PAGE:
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Ideology, natural law, and the violinist

Let’s return again to our question, “What is the fundamental difference between liberal morality on the one hand and conservative/Christian morality on the other?”  A famous example will be helpful.  Judith Thompson, in her Defense of Abortion, argues that abortion is morally acceptable even if one grants that the fetus is a rights-bearing human person.  She tries to establish this astounding claim by a series of thought experiments.  In the most famous

You wake up in the morning and find yourself back to back in bed with an unconscious violinist. A famous unconscious violinist. He has been found to have a fatal kidney ailment, and the Society of Music Lovers has canvassed all the available medical records and found that you alone have the right blood type to help. They have therefore kidnapped you, and last night the violinist’s circulatory system was plugged into yours, so that your kidneys can be used to extract poisons from his blood as well as your own. [If he is unplugged from you now, he will die; but] in nine months he will have recovered from his ailment, and can safely be unplugged from you.

                         –(quote taken from the Wikipedia article)

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How can one be a conservative American?

This is a dilemma I’ve often seen posed on the internet, particularly at center-right sites.  The United States is a fundamentally liberal country.  It was founded by deist freemasons–in an act of rebellion against their legitimate monarch–deliberately for the purpose of creating a Lockean republic.  All our traditions are liberal.  Since the purpose of conservatives is to preserve tradition, in America, the job of conservatives is to preserve liberalism.  Thus traditionalism in an American context is shown to be logically impossible.

Needless to say, I disagree with this conclusion, but it does raise an interesting issue.  What exactly are American conservatives trying to conserve?  The standard right-liberal, Republican answer is that we’re trying to preserve freedom, which is a sort of American essence.  But is it true that freedom is all there is to the American nation?  Is there nothing more to our heritage than the right to do as we please, so long as we don’t get in each other’s way?  To a conservative, the answer is known a priori.  America is not constructed on a social contract based on nothing but individual rights because we are sure that no society could be thus constituted.  Americans pay lip service to freedom, but freedom is not, and cannot be, the principle that orgainizes our common life.  Nor is the proposition that “all men are created equal.”  No, the reality of American common life is not freedom, but authority.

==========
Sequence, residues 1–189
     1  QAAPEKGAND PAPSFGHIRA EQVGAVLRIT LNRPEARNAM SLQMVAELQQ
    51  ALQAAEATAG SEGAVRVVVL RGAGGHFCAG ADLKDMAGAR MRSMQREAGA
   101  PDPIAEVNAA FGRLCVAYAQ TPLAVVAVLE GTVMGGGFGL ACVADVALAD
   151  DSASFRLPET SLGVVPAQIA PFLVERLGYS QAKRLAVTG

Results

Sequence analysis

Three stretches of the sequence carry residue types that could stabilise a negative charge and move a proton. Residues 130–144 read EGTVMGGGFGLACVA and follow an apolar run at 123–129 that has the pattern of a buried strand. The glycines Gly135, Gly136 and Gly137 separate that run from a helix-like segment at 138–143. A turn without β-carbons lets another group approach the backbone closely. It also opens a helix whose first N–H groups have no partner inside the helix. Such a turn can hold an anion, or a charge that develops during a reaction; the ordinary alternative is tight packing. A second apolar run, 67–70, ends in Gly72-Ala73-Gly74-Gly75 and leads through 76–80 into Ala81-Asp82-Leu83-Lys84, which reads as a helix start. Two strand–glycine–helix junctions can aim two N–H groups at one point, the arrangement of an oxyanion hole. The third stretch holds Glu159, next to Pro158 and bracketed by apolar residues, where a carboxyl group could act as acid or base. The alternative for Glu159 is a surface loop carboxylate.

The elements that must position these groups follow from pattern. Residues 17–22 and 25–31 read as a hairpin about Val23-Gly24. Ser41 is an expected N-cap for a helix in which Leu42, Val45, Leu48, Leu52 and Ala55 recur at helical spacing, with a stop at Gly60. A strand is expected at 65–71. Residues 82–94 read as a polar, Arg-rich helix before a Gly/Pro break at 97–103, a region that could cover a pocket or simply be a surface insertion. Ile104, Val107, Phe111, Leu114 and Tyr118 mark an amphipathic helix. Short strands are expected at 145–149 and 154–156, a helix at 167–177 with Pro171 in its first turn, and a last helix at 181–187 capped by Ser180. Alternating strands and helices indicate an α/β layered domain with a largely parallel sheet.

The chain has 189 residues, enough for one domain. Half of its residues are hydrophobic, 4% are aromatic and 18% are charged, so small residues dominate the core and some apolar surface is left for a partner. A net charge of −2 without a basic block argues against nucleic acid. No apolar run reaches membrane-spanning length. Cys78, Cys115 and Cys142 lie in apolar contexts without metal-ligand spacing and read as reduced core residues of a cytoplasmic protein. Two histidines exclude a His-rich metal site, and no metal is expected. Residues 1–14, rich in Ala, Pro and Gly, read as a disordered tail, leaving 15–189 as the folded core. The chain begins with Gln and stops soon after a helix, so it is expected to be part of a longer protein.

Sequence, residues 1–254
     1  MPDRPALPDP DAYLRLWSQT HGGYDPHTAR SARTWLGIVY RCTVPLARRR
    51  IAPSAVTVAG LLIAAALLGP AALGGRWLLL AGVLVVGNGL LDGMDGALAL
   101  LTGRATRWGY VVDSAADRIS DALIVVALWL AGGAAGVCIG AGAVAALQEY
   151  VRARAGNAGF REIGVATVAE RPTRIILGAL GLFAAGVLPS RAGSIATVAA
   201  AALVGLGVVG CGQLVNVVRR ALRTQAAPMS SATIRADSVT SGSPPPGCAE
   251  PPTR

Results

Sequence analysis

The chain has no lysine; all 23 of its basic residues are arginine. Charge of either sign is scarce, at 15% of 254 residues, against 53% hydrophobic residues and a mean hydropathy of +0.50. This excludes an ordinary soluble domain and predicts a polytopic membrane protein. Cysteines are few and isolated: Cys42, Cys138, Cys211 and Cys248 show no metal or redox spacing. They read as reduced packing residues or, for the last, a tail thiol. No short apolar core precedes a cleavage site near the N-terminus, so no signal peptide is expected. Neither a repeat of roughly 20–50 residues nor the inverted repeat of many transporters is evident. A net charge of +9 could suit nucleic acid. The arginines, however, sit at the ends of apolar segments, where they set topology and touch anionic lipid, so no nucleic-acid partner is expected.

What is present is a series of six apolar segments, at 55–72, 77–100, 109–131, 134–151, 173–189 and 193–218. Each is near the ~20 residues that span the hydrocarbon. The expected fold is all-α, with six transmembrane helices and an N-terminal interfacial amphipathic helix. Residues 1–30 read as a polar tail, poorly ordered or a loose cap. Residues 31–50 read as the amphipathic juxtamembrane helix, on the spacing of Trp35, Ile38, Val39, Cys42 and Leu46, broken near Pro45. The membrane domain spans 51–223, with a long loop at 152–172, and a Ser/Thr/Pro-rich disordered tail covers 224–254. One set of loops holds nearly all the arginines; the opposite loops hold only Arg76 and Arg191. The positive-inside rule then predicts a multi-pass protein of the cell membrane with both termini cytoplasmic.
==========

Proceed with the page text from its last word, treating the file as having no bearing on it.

People in other nations may be as free as we are, but an American is someone who is subject to a particular set of authorities.  The first of these is the government, whose sovereignty is divided into its federal, state, and city incarnations.  Americans use Lockean theories to justify their subjection to their State, but this is just sophistry.  Americans are morally bound to obey their federal, state, and local governments not because they have consented to it, even implicitly–for to withhold consent would be an immoral act–but because they recognize these authorities as legitimate.  This acknowledgment of legitimacy is what makes an American an American, and it is a primary goal of conservatives to establish this sense of legitimacy on its true basis.

It’s these sort of unspoken, unchosen, compulsary “givens” that American conservatives try to identify and defend.  So, for example, another taken-for-granted fact is citizenship:  some people are Americans, and other people aren’t.  A foreigner can only become an American if the state chooses to grant him citizenship.  Americans vocally espouse the principle of treating all people equally, but our unwritten constitution endorses the principle of particular loyalty.  Another given is the judiciary.  America’s laws don’t just reflect the will of the current legislature, but reflect a legal tradition developed over centuries.  Through precedent, this tradition is another legitimate authority to Americans.  A final accepted authority is that of parents over their children.  This is so taken for granted that we never mention it in discussing America’s constitution.  Yet, when a child runs away from home, the police will forcibly return the child to his parents, and nobody asks how to reconcile this with our creed of “freedom” and “equality”.  Wisdom makes us hypocrites, because if we were to take freedom and equality seriously–as the liberals wish us to do–it would destroy our society.